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1 year ago
People Are Overdosing on Anti-Diarrhea Meds in Order to Get High

This one makes our stomachs hurt. According to a new report published online in the Annals of Emergency Medicine, drug addicts who are running dry on painkillers like Oxycontin and Vicodin are turning to over-the-counter Immodium, an anti-diarrhea medication, for a high.

So how does this work, exactly? While it’s safe to take up to four capsules of Imodium a day, addicts are swallowing hundreds of pills at a time, which causes the active ingredient loperamide to enter the central nervous system and deliver that high. (Loperamide usually slows down the digestive track to stop diarrhea.) The effect is also toxic to the heart: Two case studies report addicts overdosing on the drug and dying, despite receiving emergency medical treatment.

RELATED: It's Scary How Many Women Are Becoming Addicted to Prescription Painkillers

Luckily, this new drug habit hasn’t hit the mainstream just yet. But it’s growing: There have been a dozen overdose cases reported, and researchers suspect many more have gone undocumented. They also say oral loperamide abuse postings to web-based forums increased 10-fold between 2010 and 2011, and that there was a 71 percent jump in loperamide abuse calls to poison control centers in the U.S. between 2011 and 2014.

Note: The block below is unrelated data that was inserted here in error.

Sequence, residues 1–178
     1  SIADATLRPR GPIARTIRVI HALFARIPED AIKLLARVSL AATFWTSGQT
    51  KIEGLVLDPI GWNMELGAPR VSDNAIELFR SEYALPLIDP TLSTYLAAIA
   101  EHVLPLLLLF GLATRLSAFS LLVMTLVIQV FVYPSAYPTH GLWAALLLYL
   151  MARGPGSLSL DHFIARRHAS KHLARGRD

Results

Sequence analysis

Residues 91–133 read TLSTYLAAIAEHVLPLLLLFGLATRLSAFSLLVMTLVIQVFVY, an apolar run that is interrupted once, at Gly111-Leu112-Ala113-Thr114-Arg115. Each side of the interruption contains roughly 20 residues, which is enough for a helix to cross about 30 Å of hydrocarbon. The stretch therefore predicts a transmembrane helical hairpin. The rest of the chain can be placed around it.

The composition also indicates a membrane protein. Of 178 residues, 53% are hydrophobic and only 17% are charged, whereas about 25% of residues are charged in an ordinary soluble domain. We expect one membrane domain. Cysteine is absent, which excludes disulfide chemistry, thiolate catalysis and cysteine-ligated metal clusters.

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imodium
Photograph courtesy of Imodium

"Loperamide's accessibility, low cost, over-the-counter legal status, and lack of social stigma all contribute to its potential for abuse," writes lead study author William Eggleston, pharmacist and clinical toxicology fellow at the Upstate New York Poison Center in Syracuse, New York. "People looking for either self-treatment of withdrawal symptoms or euphoria are overdosing on loperamide with sometimes deadly consequences. Loperamide is safe in therapeutic doses, but extremely dangerous in high doses."

RELATED: 10 Foods to Eat When You're Constipated

If the trend continues, there’s a chance Imodium (which used to be a prescription drug before 1988) could go back behind the counter. Not so ideal for mad dashes to the drugstore on Taco Tuesday.

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